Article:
U.S. GDP Climbs 2.8 Percent, Stock Markets Decline

The United States gross domestic product (GDP) increased 2.8% in the third quarter from 2.5% in the previous quarter. The acceleration of the GDP was driven primarily by improvement in private inventories based on the report of the Bureau of Economic Analysis (BEA) of the Department of Commerce on Thursday.

According to BEA, private inventories contributed 0.83 percent point to the GDP in the third quarter. The bureau estimated that the inventories of private businesses increased $86 billion during the period.

U.S. stock markets declined on Thursday due to speculations that the Federal Reserve might start tapering its bond-buying program as economic data showed that the economy is growing faster than expected. Economists surveyed by Bloomberg projected that the GDP growth will be around 2% for the third quarter.

Last week, the Federal Reserve maintained its $85 billion monthly bond-buying program to support continues economic growth and maximum employment & price stability. Policy makers decided to wait for more economic data to see evidences that the economic growth will be sustained before reducing the quantitative easing.

The Dow Jones Industrial Average (DJIA) fell 0.97% to 15,593.88 points, the S&P 500 declined by 1.32% to 1,746.16 points, and the Nasdaq dropped by 1.90% t0 3,857.33% after the trading session today.

Data from BEA revealed that the price index for gross domestic purchases increased 1.8% in the third quarter from 0.2% in the second quarter.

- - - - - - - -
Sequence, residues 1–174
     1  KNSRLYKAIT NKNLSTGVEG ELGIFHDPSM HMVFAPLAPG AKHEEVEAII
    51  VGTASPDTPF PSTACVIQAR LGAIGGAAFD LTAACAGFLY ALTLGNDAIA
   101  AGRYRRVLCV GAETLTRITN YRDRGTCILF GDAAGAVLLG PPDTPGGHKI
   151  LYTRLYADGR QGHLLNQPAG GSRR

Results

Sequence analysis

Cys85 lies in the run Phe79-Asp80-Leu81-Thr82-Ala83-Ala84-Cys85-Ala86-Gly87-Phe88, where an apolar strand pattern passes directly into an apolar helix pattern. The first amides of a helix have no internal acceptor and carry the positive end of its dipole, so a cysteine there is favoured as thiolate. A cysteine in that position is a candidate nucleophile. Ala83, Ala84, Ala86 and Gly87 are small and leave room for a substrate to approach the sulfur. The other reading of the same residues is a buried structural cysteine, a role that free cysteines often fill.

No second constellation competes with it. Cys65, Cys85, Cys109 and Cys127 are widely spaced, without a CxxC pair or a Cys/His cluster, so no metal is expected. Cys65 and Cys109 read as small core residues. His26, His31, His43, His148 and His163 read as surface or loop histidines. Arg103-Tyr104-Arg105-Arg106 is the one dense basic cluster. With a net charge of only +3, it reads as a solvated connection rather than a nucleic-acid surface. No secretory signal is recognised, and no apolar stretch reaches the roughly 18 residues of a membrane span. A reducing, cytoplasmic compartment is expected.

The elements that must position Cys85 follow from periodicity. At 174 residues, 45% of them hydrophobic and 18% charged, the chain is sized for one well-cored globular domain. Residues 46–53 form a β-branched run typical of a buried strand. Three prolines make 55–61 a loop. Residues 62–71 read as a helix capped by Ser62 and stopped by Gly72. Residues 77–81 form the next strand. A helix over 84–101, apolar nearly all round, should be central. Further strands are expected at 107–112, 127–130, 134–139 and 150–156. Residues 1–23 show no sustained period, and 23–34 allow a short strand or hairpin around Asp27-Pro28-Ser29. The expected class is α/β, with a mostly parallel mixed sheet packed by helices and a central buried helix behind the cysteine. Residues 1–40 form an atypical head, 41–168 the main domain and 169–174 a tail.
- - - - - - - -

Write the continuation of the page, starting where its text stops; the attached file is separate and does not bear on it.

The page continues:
During the quarter, residential fixed investment went up by 14.6%, non-residential fixed investment and non-residential structures increased 1.6% and 12.3% respectively. Durable goods expanded by 7.8% and non-durable goods improved by 2.7%. Real estate and local government consumption expenditures and gross investment went up 1.5%

Personal consumption expenditures went up by 1.5%, exports of goods and services and intellectual property products increased by 4.5$ and 2.2%, respectively.  Equipment declined 3.7%, national defense decreased 0.7% and non-defense dropped 3.3%.

The gross domestic purchases of goods and services remained at 2.5% during the quarter. BEA reported that the current dollar income was $132.7 billion compared with $139.1 billion in the previous quarter. Disposable personal income was $138.1 billion, up from $103.2 billion in the second quarter.

Personal outlays also improved from $42.1 billion to $109 billion and the personal savings rate for the period was 4.7%. The current dollar GDP increased 4.8% or $196.6 billion from 3.1% or $125.7 billion in the second quarter.